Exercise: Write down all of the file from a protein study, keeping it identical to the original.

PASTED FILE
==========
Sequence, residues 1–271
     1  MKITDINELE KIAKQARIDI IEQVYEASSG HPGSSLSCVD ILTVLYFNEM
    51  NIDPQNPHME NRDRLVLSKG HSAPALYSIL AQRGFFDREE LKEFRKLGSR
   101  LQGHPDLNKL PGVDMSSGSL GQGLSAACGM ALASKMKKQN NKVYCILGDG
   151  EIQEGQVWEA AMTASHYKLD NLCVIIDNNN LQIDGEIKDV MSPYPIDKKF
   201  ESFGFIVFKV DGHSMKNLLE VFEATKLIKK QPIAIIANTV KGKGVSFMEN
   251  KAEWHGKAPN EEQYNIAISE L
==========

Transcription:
Sequence, residues 1–271
     1  MKITDINELE KIAKQARIDI IEQVYEASSG HPGSSLSCVD ILTVLYFNEM
    51  NIDPQNPHME NRDRLVLSKG HSAPALYSIL AQRGFFDREE LKEFRKLGSR
   101  LQGHPDLNKL PGVDMSSGSL GQGLSAACGM ALASKMKKQN NKVYCILGDG
   151  EIQEGQVWEA AMTASHYKLD NLCVIIDNNN LQIDGEIKDV MSPYPIDKKF
   201  ESFGFIVFKV DGHSMKNLLE VFEATKLIKK QPIAIIANTV KGKGVSFMEN
   251  KAEWHGKAPN EEQYNIAISE L